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Watchdog Institute Puzzles Union-Tribune Staffers

On Friday, June 26, U-T editor Karin Winner sent an enigmatic message to the staff. Her very close friend Lorie Hearn, who heads the investigative team (and was formerly the number two person on the staff), is leaving to form the Watchdog Institute. It plans to raise money from local donors and local and national foundations. Its investigative output will go into the U-T, and Hearn's four-person team will work with U-T staffers. Hearn is negotiating to have the institute affiliated with San Diego State's journalism program. I can't imagine SDSU has money to throw into the pot, but it could be a filter for money from elsewhere. Hearn leaves July 24. She calls Watchdog "a work in progress." It is not yet listed on the Internal Revenue Service or California Secretary of State websites. Staffers wonder whether this is a creative way for the new owner, Platinum Equity, to pare the payroll. It might be a tax maneuver for certain donors.

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On Friday, June 26, U-T editor Karin Winner sent an enigmatic message to the staff. Her very close friend Lorie Hearn, who heads the investigative team (and was formerly the number two person on the staff), is leaving to form the Watchdog Institute. It plans to raise money from local donors and local and national foundations. Its investigative output will go into the U-T, and Hearn's four-person team will work with U-T staffers. Hearn is negotiating to have the institute affiliated with San Diego State's journalism program. I can't imagine SDSU has money to throw into the pot, but it could be a filter for money from elsewhere. Hearn leaves July 24. She calls Watchdog "a work in progress." It is not yet listed on the Internal Revenue Service or California Secretary of State websites. Staffers wonder whether this is a creative way for the new owner, Platinum Equity, to pare the payroll. It might be a tax maneuver for certain donors.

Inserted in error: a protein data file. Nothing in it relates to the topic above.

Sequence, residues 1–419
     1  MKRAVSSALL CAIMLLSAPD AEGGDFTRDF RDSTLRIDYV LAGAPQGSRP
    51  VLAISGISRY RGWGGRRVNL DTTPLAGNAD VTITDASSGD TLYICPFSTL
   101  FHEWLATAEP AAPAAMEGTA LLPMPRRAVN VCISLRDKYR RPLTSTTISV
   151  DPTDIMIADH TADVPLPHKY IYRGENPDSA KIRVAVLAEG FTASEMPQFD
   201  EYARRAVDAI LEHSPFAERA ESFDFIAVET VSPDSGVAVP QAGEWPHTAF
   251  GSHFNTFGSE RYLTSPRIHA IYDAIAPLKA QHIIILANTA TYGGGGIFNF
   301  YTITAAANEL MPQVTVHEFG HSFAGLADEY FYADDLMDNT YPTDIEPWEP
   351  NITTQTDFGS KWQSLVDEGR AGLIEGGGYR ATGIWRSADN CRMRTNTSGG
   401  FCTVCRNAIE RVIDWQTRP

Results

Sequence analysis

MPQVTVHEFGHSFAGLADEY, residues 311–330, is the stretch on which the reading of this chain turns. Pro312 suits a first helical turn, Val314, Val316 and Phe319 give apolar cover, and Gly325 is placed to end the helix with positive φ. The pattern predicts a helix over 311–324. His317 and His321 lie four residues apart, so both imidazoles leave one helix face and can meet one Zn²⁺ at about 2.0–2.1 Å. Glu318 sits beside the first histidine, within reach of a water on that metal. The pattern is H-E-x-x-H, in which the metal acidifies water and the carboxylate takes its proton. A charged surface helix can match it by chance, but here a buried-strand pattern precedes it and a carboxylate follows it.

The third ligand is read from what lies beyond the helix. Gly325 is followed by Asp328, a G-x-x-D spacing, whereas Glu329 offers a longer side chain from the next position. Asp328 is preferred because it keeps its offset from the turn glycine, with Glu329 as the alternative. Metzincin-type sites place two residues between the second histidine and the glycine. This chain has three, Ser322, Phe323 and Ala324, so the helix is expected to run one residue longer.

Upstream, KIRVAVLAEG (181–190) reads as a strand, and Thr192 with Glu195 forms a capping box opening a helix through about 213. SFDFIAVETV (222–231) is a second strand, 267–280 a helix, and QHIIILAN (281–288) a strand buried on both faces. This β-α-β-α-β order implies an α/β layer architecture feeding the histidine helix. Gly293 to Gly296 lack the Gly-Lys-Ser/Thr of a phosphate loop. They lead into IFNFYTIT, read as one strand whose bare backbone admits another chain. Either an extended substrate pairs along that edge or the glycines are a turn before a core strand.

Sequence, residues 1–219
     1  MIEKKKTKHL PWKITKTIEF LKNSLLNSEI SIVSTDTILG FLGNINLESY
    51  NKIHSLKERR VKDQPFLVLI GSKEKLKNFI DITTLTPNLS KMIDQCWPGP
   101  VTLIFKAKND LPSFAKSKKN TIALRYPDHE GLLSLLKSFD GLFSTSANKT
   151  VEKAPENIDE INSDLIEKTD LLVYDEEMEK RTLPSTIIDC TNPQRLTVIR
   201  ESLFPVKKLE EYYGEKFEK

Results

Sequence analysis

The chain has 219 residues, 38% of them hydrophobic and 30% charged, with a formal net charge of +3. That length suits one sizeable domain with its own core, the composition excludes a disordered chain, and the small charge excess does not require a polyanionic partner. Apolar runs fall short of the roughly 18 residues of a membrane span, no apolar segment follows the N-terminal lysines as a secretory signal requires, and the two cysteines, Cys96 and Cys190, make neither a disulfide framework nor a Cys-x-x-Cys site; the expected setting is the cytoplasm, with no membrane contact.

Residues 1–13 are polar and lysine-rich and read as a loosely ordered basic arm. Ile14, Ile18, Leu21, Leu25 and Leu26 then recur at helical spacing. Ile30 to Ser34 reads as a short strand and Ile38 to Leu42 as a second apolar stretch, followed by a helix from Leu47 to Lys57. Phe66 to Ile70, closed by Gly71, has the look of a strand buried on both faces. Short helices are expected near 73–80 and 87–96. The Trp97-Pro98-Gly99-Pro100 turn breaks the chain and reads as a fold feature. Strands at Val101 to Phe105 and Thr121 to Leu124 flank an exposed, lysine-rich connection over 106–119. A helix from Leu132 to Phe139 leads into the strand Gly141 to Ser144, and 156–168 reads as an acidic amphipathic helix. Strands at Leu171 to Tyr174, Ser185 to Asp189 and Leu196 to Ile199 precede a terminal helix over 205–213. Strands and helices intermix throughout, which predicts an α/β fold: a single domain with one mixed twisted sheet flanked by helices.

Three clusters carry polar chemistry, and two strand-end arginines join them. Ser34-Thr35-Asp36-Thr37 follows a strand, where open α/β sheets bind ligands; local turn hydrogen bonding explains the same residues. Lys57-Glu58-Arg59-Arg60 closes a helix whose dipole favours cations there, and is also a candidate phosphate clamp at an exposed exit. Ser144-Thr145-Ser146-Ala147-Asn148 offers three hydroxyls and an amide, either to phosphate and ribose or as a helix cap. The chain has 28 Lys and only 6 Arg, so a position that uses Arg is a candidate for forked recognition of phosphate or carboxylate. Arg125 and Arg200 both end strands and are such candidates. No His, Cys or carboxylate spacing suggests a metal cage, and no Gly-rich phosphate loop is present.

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Comments
46

This can represent any number of schemes, and may be part of more than one. The first thing that comes to me is that the newspaper business is really falling apart. The new Institute will feed its revelations to the U-T, huh? Does that guarantee that they'll ever see the light of day?

At first reading, this sounds like a soft way to lay off some staffers, if they can get support for their efforts, while keeping them sending in dirt to print. So, if they can become self supporting, Winner will provide them with a voice.

Who would support a group doing this sort of thing? It doesn't seem likely that those folks will ever again see their U-T salary level while doing this freelance muckraking.

Or am I missing the obvious point?

June 29, 2009

I agree, Visduh. It's likely a bridge for the UT to get the same crap at a cheaper price.

June 29, 2009

Response to post #1: This can certainly be a way to ease Hearn (and perhaps her associates) out without appearing to be abandoning investigative reporting. Also, since Winner and Hearn are extremely close, it can be a signal to Winner. The attempt to bring in SDSU is interesting. Already, KPBS's extremely close financial ties to the U-T (the building bears the name Copley), and its programming featuring establishment fluff trumpeted by the likes of Bob Kittle, have always raised many eyebrows. Now if it would join with this project, even more eyebrows would be cocked. Some think one motivation is to compete with the Voice of San Diego for donor dollars. Best, Don Bauder

June 29, 2009